This came up an a training piece for the Putnam Competition and also in Ireland and Rosen.

The question posed was basically:

Let $p(x)$ be a polynomial with integer coefficients satisfying that $p(0)$ and $p(1)$ are odd. Show that $p$ has no integer zeros.

I&R give an example:

$p(x) = x^2 - 117x + 31$ and show (no problem) that for any $n$ whether even or odd, $p(n)$ will be odd. And claim that this shows $p(n)$ will never be $0$.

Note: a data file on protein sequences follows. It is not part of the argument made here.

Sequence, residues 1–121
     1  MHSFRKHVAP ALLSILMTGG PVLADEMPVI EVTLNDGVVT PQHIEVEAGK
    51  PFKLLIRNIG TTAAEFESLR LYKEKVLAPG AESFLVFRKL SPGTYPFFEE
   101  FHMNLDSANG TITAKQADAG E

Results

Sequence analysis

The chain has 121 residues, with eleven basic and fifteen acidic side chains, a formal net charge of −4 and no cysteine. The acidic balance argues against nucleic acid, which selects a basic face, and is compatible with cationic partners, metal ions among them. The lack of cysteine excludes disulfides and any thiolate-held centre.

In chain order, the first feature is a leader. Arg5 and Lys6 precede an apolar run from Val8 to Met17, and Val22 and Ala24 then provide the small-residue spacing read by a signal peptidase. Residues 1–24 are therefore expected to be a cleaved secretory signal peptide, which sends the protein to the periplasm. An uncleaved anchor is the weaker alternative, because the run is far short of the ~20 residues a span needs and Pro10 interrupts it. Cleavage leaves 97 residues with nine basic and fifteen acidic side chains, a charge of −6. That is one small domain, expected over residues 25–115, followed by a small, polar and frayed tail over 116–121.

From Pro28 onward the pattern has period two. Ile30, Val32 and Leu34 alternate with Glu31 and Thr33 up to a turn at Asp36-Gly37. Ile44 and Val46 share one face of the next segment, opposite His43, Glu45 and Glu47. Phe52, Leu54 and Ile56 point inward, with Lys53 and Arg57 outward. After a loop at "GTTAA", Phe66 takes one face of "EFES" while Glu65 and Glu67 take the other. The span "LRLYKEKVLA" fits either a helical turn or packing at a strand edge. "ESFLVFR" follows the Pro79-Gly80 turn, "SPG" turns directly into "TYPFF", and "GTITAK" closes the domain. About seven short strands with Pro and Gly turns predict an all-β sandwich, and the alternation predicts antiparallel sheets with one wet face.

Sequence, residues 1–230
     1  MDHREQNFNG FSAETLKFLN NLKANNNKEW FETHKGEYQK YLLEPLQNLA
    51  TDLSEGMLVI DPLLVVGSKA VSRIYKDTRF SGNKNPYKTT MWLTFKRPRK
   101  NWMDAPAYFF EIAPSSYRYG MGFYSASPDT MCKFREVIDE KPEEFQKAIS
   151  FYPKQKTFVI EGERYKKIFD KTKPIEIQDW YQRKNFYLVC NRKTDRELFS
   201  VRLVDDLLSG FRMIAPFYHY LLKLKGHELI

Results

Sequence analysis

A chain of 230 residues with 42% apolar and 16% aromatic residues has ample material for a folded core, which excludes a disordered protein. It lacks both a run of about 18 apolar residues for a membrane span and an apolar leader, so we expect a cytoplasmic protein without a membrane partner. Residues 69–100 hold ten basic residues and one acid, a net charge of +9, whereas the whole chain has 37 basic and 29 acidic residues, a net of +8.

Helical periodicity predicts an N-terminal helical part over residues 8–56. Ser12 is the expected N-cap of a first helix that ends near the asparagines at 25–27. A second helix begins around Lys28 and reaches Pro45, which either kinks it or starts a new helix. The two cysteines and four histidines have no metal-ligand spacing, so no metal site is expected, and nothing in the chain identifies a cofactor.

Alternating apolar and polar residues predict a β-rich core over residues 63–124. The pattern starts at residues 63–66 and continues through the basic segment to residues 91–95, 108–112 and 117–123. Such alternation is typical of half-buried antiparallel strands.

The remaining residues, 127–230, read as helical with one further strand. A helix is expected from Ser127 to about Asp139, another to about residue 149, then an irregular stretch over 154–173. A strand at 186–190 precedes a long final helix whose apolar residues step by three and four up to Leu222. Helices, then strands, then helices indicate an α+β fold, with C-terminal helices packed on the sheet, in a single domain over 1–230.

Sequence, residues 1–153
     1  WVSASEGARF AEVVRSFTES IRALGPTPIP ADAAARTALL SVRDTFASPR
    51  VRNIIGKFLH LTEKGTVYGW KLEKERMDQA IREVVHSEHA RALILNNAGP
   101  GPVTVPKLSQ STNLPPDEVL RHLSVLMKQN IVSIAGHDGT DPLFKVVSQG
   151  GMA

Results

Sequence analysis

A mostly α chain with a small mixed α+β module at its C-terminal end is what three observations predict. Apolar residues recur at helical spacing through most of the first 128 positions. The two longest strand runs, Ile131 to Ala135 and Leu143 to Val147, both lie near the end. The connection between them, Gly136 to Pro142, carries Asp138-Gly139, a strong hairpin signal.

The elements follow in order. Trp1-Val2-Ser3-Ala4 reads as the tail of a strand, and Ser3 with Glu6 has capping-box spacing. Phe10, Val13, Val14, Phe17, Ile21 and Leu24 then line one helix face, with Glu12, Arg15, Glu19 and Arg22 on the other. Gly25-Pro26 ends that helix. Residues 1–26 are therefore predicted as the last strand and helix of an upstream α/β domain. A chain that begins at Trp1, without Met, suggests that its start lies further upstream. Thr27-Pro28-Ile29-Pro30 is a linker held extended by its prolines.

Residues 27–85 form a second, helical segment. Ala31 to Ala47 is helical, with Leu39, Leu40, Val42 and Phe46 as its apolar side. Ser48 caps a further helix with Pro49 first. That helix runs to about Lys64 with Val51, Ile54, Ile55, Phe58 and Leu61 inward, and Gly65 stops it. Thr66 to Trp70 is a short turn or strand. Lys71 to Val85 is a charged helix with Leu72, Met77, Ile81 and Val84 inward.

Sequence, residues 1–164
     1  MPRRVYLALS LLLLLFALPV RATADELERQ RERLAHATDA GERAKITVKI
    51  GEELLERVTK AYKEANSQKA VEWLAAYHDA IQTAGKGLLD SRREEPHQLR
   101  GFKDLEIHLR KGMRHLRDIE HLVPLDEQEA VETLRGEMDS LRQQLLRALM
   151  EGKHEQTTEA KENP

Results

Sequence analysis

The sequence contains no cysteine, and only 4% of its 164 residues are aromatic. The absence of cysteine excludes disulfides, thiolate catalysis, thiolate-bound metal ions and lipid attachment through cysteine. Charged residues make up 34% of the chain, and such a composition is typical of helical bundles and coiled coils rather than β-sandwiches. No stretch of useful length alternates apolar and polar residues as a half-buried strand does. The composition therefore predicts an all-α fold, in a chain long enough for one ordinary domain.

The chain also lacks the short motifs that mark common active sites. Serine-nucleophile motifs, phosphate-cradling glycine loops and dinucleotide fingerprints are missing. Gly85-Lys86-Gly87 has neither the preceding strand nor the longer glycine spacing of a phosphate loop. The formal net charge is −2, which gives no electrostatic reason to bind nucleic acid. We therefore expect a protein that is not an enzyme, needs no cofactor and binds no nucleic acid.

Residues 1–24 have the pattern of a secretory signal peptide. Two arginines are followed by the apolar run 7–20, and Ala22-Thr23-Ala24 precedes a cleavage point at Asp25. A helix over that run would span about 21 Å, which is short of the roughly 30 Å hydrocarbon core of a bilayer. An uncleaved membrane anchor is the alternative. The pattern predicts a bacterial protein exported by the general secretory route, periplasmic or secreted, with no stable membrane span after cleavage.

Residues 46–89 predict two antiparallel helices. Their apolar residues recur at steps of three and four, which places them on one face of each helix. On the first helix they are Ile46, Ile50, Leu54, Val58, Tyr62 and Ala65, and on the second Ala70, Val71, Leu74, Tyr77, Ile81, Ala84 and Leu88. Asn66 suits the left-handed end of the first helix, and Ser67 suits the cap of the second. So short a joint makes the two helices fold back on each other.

I can see, e.g., that $x^2 + 2x + 1$ will be odd substituting an even $n$ and even for an odd $n$.

But would appreciate help in understanding the underlying math and what is happening here.

Also, as a second part, can a general statement about the existence of an integer solution be made if $n$, even and odd, generates an even and an odd as in the last example.

I can see that if you look at these equations (mod $2$), you can distinguish whether there is an integer solution. And I would guess this is intimately connected with the question.

Thanks as always.